George Osborne reaffirmed his commitment to science as a central plank of his economic policy with funding and detail added to previously announced science projects.
The chancellor said the current £4.7bn science resource funding would be protected in real terms for the rest of the Parliament.
Osborne once again said science was a priority of his Northern Powerhouse programme which “means…backing the science and innovation strengths of the North, so that new ideas can be turned into new products and new jobs”.
He added: “To back science-based and innovative companies in the North the government is providing £250m for small modular reactor development and wider nuclear R&D, creating opportunities for the North’s centres of nuclear excellence in Sheffield City Region, Greater Manchester and Cumbria, as well as the nuclear research base across the UK.”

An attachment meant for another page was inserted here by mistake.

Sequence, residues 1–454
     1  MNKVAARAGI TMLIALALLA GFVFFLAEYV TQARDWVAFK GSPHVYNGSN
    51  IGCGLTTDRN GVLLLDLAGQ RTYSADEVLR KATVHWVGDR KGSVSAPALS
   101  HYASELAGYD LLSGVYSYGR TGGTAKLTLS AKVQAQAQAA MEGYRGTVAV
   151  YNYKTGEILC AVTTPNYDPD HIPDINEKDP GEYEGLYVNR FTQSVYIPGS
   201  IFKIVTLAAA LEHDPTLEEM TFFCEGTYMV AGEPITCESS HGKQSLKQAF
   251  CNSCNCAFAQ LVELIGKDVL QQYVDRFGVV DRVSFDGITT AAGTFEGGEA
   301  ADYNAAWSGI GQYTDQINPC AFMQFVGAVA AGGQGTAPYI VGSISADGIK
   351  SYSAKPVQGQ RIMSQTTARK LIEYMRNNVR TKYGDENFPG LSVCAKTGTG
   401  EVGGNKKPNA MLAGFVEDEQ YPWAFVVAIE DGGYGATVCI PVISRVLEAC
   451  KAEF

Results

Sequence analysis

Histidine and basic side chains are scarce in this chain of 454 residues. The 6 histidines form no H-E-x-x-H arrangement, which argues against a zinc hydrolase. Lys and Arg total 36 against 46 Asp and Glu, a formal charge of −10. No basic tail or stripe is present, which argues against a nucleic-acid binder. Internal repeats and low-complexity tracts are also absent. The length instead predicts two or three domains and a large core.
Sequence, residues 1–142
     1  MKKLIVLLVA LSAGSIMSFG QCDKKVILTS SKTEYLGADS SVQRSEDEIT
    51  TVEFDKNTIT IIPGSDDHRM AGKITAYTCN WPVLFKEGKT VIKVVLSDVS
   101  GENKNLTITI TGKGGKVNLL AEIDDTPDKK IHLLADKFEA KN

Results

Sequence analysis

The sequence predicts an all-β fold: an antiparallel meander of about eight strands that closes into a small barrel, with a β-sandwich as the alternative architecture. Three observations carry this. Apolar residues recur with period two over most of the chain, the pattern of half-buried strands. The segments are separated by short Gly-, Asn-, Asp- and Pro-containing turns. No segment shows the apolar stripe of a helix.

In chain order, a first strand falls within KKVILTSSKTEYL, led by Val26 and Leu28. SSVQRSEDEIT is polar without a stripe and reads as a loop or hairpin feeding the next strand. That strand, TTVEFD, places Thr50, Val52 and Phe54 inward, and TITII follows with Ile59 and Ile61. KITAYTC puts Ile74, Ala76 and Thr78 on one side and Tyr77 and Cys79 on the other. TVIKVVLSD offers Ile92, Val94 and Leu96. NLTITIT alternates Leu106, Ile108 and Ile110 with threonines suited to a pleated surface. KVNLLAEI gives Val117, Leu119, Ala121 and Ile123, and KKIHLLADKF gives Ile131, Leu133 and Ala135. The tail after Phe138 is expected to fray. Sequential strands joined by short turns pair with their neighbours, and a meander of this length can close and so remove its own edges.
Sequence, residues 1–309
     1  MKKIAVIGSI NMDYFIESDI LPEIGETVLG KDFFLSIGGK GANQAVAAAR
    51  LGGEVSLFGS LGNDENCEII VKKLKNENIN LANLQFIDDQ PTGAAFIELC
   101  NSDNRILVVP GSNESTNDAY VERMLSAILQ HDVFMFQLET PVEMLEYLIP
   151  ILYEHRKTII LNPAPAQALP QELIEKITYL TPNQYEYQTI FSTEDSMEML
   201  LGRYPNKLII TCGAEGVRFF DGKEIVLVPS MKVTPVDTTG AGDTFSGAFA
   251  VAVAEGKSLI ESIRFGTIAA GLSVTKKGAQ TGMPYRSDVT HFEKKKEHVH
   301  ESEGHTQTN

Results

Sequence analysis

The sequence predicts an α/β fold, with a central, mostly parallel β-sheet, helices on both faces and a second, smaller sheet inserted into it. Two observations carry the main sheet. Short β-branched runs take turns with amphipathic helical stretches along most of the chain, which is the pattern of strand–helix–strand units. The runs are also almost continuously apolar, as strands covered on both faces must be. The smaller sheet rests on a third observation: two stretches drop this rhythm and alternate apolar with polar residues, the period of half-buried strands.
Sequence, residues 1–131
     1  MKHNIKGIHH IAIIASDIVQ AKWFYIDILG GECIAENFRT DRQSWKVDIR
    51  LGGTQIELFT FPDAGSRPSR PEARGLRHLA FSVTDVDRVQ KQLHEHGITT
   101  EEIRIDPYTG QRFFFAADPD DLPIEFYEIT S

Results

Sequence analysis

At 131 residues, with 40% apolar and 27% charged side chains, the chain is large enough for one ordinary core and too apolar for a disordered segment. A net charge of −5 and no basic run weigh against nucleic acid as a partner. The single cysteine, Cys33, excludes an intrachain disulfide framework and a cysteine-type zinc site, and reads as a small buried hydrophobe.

Work on the £235m Sir Henry Royce Institute in Manchester for advanced materials research will begin next year. Julia King, Professor the Baroness Brown of Cambridge, will chair the new institute.
This builds on £25m of UK funding for a Joint Research & Innovation Centre with China, also to be based in the North West.
Provisional approval was given for £4m to establish an Anti-Microbial Resistance Centre of Excellence in R&D at Alderley Park in Cheshire, owned by Manchester Science Partnerships, subject to a business case.
The new Graphene Engineering & Innovation Centre in Manchester and Cognitive Computing Research Centre, Cheshire, will both be completed before 2018, the chancellor said in his update on Northern Powerhouse projects.